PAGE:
American corporations have been busy buying back lots of their own shares on the open market. According to Standard & Poor's, the preliminary buyback total for 2007 is $589 billion, up 36% over 2006 (and up a whopping 350% since 2003).

What's going on? Well, look at the condition of our stock market. It's hardly been rocketing lately, with the S&P 500 gaining just 5% in 2007 and shedding 2% so far in 2008. The shares of many companies have dropped significantly. (Occasional drops are not a cause for concern with healthy, growing companies. When the tide comes back in, it will lift most boats.)

Here's the bottom line with stock buybacks: They make sense when a company is buying its shares at an attractive price, and they're dumb when the company is buying overvalued shares. Any money a company spends should be spent as effectively as possible. If it can't find more attractive options for its excess cash, such as buying other companies, paying down debt, building factories, or buying more advertising, then stock buybacks can make a lot of sense.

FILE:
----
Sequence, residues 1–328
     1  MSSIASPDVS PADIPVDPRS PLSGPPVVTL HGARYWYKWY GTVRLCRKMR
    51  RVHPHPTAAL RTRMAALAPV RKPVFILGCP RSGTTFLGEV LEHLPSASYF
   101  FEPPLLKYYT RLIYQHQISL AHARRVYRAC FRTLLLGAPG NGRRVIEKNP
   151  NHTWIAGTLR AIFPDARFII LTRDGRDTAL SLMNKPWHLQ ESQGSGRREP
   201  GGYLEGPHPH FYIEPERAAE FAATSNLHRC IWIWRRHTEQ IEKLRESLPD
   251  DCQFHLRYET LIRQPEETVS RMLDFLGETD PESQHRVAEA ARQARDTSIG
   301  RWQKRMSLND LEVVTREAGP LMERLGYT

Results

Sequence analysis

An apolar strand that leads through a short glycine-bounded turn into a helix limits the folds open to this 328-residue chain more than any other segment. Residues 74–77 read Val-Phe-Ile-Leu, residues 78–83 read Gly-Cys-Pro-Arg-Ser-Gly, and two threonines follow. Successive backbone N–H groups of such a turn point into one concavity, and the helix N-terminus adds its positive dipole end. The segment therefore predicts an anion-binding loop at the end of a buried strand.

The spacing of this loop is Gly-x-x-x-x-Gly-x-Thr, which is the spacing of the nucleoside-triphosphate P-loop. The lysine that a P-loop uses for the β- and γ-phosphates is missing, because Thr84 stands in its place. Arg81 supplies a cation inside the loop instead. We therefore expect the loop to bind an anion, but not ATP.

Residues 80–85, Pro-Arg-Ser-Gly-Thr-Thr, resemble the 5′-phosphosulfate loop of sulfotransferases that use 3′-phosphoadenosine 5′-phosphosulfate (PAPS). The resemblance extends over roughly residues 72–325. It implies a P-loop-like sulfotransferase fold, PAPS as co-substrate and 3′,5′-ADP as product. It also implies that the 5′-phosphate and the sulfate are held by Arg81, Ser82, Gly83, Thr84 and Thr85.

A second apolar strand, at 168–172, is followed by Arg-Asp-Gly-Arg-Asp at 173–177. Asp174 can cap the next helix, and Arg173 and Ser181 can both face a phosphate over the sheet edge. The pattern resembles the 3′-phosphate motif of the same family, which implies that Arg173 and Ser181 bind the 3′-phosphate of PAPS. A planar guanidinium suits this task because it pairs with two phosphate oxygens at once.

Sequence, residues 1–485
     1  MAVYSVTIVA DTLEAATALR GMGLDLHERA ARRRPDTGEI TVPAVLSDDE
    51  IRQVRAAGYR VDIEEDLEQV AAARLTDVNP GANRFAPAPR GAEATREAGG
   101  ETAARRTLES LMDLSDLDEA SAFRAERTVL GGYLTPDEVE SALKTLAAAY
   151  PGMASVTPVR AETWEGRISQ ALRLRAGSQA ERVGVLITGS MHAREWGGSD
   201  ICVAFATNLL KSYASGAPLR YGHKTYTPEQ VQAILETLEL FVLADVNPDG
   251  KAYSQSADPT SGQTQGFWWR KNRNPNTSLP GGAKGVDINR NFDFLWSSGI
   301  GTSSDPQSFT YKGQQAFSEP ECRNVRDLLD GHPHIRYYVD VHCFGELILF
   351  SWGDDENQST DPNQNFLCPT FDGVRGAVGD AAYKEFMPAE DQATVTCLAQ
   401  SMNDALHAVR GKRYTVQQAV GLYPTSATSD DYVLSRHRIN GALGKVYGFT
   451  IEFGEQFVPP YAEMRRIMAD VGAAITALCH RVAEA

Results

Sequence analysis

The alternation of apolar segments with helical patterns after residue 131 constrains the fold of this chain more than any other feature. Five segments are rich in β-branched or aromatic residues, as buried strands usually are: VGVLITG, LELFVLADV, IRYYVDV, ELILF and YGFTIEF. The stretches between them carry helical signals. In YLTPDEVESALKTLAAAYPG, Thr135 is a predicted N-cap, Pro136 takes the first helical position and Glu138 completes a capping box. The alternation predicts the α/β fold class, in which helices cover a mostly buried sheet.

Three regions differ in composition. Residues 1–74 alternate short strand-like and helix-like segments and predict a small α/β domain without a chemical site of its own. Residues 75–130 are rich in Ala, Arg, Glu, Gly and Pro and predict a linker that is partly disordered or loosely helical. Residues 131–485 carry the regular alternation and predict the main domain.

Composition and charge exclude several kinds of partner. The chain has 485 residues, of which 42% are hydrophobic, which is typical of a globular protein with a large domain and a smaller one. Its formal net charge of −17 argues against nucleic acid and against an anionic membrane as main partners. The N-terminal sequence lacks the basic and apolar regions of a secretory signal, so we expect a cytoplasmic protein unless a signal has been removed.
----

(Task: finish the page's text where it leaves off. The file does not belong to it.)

According to S&P, here are the 10 biggest repurchasers of 2007, along with how much they spent on shares, in billions:


Money Spent on Buybacks


$31.8 billion

Microsoft (Nasdaq: MSFT)

$21.1 billion


$18.8 billion

General Electric (NYSE: GE)

$12.4 billion


$11.9 billion

Home Depot

$10.8 billion


$10.4 billion

Transocean (NYSE: RIG)

$10.3 billion

Pfizer (NYSE: PFE)

$10.1 billion

Cisco Systems (Nasdaq: CSCO)

$10.0 billion

Source: S&P.

So given these companies' stock performance, do these purchases make sense? Many do. Home Depot shares fell about 31% in 2007. Pfizer's fell 8%, while General Electric's rose just 3%.

Just what effect do buybacks have? Well, consider ExxonMobil. According to, its shares outstanding dropped from 5.6 billion in 2006 to 5.4 billion in 2007, a 4% decrease. That means each share you own represents a slightly larger piece of the company.

Think of what happened in terms of pizza: If you cut it into fewer pieces, each one will be bigger. Your ExxonMobil shares are each 4% plumper, after the company's share count is reduced.

Pay attention to stock buybacks -- they might boost the value of your shares. You can learn more about buybacks in this article.